PSA Screening Decreases Risk Of Dying From Prostate Cancer, Says New Studies

PSA screening test is shown to reduce risk of death from prostate cancer

This is exactly what I have always supported for years that men, starting at age 40, need to have regular PSA tests done to find any prostate cancer at the earliest stage possible

After years of conflicting advice, two new studies may finally put the debate to rest over whether PSA screening for prostate cancer saves lives or not? A new review says PSA can reduce a man’s risk of dying from prostate cancer. The analysis of two major randomized trials found that prostate specific antigen or PSA, used as a screening tool to detect early prostate cancer, lowers a man’s risk of prostate cancer death by 25% to 32%.

“This is exactly what I have always supported for years that men, starting at age 40, need to have regular PSA tests done to find any prostate cancer at the earliest stage possible,” explained Dr. David Samadi. “This news is huge, and the timing of the release of this study could not have been better as it coincidentally coincided with September being Prostate Cancer Awareness Month. I believe these studies will help clear the confusion during a time of ongoing debate over PSA screening.”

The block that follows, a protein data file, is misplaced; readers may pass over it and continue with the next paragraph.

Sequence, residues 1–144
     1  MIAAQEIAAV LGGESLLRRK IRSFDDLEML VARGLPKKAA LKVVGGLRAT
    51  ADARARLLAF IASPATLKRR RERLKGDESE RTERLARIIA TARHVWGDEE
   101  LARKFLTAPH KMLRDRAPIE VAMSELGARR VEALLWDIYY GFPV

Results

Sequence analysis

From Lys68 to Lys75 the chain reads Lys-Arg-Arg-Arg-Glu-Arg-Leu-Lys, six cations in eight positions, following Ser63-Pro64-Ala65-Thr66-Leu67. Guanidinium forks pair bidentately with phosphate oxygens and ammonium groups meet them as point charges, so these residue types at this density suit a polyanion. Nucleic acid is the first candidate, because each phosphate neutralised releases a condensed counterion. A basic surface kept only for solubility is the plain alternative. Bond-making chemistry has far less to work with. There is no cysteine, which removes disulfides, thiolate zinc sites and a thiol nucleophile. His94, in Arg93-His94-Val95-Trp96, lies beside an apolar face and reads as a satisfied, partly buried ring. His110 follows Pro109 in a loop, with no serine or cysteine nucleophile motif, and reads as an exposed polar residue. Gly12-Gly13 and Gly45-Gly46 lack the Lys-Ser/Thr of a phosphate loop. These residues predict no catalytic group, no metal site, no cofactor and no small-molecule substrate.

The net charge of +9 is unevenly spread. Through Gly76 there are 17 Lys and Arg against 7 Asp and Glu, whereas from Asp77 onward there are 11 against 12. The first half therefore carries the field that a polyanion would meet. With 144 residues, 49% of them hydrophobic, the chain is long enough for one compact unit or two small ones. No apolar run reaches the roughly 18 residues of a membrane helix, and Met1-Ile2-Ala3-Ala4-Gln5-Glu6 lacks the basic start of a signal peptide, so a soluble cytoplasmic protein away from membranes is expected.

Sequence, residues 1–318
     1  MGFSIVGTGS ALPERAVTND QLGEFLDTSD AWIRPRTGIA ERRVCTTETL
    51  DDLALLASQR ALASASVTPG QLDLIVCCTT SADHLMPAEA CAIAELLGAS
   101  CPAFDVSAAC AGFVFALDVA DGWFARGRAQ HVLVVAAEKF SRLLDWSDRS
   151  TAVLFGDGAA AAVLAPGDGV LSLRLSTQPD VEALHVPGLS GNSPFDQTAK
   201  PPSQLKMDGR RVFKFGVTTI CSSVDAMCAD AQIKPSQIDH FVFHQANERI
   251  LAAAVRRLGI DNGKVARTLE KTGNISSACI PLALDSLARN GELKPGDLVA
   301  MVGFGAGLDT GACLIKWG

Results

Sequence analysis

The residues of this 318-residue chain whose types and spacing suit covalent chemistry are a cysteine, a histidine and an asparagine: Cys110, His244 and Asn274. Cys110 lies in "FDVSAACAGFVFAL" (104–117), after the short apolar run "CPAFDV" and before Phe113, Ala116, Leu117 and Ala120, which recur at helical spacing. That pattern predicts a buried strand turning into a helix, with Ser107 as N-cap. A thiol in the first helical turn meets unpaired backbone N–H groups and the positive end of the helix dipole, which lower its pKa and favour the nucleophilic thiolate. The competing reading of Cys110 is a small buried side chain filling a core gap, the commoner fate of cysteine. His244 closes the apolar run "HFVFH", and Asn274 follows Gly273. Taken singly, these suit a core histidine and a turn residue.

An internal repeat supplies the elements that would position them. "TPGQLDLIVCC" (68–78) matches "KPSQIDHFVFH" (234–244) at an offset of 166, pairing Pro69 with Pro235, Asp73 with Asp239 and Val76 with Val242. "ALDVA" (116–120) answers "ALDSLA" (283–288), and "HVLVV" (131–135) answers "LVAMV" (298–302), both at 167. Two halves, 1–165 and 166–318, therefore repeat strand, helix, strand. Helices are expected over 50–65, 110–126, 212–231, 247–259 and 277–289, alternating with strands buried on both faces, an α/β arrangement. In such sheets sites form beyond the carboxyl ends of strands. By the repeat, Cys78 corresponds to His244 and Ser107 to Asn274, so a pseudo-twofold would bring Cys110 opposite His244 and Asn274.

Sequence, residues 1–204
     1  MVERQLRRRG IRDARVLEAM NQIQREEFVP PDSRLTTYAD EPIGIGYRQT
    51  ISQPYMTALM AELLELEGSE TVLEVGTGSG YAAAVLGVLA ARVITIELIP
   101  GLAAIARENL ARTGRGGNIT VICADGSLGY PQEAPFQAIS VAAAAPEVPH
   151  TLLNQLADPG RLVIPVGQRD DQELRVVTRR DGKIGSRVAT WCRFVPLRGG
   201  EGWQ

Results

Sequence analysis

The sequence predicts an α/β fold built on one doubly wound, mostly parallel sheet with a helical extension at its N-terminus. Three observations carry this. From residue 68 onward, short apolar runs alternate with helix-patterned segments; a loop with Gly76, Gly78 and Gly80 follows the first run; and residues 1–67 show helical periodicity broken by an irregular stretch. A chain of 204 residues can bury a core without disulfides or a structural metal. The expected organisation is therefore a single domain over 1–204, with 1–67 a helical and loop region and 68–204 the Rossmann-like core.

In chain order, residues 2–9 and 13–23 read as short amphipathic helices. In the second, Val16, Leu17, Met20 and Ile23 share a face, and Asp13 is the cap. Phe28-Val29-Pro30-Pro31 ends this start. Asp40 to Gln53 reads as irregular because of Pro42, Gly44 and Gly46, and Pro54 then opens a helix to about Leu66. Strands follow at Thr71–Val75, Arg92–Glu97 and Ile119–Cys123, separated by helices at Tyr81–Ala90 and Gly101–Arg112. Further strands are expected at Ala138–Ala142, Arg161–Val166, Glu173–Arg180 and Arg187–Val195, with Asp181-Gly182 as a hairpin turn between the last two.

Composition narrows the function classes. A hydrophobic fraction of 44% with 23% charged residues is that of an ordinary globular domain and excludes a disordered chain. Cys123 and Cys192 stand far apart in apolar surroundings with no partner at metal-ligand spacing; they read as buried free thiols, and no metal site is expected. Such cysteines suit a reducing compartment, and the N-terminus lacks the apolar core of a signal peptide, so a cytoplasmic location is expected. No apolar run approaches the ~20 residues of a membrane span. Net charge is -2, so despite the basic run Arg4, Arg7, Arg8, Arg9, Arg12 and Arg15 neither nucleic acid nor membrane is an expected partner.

The results found came from new research of revisiting the ERSPC (European Randomized Study of Screening for Prostate Cancer trial) and the PLCO (Prostate, Lung, Colorectal, and Ovarian Cancer Screening trial) that had originally been done in 2009. At that time, the two trials only led to confusion since they came to conflicting results. The European trial found a 20% reduced risk of death in men who underwent the screening while the PLCO study found no benefit from PSA screening.

“Because of the fact the two studies came up with different results, the U.S. Preventative Service Task Force (USPSTF) made the controversial decision in 2012 recommending against PSA testing altogether,” stated Dr. Samadi.

However, each study was designed very differently. The PLCO trial, conducted in the U. S., had no “control” group in which no men received PSA screening. What the researchers of that study at that time did instead was to compare the results of random versus routine screening of men.

“That is why the researchers decided to take…

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